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Rachel and Leah

RACHEL AND LEAH

RACHEL AND LEAH , or in Hebrew, Rael and Leʾah, were wives of Jacob and daughters of Laban. According to Genesis, Rachel, who was the great-granddaughter of Abraham's brother Nahor, met Jacob at a well after he had fled Canaan to escape his brother Esau. Jacob worked for Laban for seven years so that he might marry Rachel, but he was deceived into marrying her older sister Leah and had to work another seven years to earn Rachel's hand.

Both women have animal names: Rael means "ewe" and Leʾah means "cow." Although Rachel was beautiful, Leah was more fertile. They thus embody the two aspects of femininity that are emphasized in the Bible, and their conflict demonstrates the importance attached to male attention and appreciation. At one point Leah gave Rachel mandrakes to improve her fertility in exchange for Rachel's turn to spend the night with Jacob. In so doing the sisters exerted some control over where their shared husband spent his time.

Ultimately Leah produced seven children (Reuben, Simeon, Levi, Judah, Issachar, Zebulun, and Dinah); two more (Gad and Asher) were born to her slave girl Zilpah. Rachel's slave girl Bilhah bore Dan and Naphtali; later Rachel produced two sons of her own, Joseph and Benjamin.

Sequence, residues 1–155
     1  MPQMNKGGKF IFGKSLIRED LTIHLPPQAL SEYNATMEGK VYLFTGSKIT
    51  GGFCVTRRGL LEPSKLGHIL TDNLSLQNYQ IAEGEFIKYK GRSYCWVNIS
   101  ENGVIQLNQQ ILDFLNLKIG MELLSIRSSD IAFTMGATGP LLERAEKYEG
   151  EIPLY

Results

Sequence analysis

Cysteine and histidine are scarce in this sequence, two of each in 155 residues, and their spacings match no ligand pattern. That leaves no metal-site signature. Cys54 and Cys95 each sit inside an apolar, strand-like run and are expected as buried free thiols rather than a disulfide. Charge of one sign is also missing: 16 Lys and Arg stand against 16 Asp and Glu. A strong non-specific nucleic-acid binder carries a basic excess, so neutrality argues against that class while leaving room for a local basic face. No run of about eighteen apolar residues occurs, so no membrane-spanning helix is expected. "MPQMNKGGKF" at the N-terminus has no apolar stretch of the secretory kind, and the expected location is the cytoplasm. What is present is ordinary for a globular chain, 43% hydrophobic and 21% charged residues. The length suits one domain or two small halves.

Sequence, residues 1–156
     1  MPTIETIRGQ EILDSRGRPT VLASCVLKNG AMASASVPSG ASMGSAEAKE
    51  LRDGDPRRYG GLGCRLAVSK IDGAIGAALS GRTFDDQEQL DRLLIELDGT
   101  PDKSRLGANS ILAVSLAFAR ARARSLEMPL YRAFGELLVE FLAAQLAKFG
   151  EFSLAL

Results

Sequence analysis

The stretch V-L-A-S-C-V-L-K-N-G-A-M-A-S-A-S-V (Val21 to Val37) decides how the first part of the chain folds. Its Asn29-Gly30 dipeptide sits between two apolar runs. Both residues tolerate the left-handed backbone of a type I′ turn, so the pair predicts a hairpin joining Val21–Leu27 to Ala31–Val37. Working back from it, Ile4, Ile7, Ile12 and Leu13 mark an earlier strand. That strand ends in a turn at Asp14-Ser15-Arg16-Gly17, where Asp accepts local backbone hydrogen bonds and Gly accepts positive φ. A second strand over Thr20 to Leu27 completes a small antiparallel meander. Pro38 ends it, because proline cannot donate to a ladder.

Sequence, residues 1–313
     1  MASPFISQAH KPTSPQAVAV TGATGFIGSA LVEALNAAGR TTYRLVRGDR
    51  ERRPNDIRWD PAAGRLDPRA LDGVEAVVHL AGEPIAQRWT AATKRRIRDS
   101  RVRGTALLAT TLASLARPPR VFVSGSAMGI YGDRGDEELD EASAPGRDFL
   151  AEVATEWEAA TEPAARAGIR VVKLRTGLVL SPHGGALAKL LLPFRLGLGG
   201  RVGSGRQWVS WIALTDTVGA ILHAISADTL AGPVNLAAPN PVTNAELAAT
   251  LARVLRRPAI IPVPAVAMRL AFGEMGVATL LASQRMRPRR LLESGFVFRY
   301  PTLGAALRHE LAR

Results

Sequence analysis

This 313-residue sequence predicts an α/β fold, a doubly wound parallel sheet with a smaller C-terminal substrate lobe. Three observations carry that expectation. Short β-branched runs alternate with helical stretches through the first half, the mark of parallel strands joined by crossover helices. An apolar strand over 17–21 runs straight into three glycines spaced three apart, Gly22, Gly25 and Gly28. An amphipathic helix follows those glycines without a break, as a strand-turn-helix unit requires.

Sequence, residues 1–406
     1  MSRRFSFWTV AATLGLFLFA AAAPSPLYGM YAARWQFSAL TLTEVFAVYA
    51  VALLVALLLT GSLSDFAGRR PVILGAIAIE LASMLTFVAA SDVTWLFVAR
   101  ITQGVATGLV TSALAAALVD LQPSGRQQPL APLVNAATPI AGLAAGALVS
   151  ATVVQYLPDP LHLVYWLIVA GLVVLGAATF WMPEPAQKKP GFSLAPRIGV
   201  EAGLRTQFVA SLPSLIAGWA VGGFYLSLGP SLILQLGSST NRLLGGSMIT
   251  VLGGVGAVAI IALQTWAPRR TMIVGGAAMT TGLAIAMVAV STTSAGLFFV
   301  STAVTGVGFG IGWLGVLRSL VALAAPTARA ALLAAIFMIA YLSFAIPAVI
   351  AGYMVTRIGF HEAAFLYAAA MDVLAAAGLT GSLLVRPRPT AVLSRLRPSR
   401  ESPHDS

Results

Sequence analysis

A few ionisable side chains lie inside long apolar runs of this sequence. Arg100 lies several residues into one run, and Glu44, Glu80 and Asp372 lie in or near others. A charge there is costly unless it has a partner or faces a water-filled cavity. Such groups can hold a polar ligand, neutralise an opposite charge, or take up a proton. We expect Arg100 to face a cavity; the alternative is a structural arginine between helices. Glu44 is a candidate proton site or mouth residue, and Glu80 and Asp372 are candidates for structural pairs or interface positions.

When Jacob fled from Laban, Rachel took the family idols, sitting on them when her father came and claiming she could not rise "because the way of women has come upon me" (Gn. 31:35). She died after giving birth to Benjamin and was buried at the spot, between Bethel and Ephrath. Her purported tomb is venerated to this day and may have been similarly regarded in biblical times (Gn. 35:20, 1 Sm. 10:2, Jer. 31:15). Leah apparently died in Canaan and was buried in the cave of Machpelah (Gn. 39:31).

Most scholars agree that these stories include personifications of Israelite tribal history. The Leah tribes may have formed an early confederation. The monarchy and the priesthood are ascribed to tribes descended from her sons Judah and Levi. Rachel is the mother of the Joseph tribes, which were dominant in northern Israel, and of the adjoining Benjamin tribe, from which came the first king, Saul.

See Also

Jacob; Joseph; Saul.

Bibliography

A thorough survey of the patriarchal narratives is in Nahum M. Sarna's Understanding Genesis (New York, 1966). The historical material is discussed in great detail in Roland de Vaux's The Early History of Israel, translated by David Smith (Philadelphia, 1978). Postbiblical traditions pertaining to biblical events are collected in Louis Ginzberg's The Legends of the Jews, 2d ed., 2 vols., translated by Henrietta Szold and Paul Radin (Philadelphia, 2003).

Frederick E. Greenspahn (1987 and 2005)

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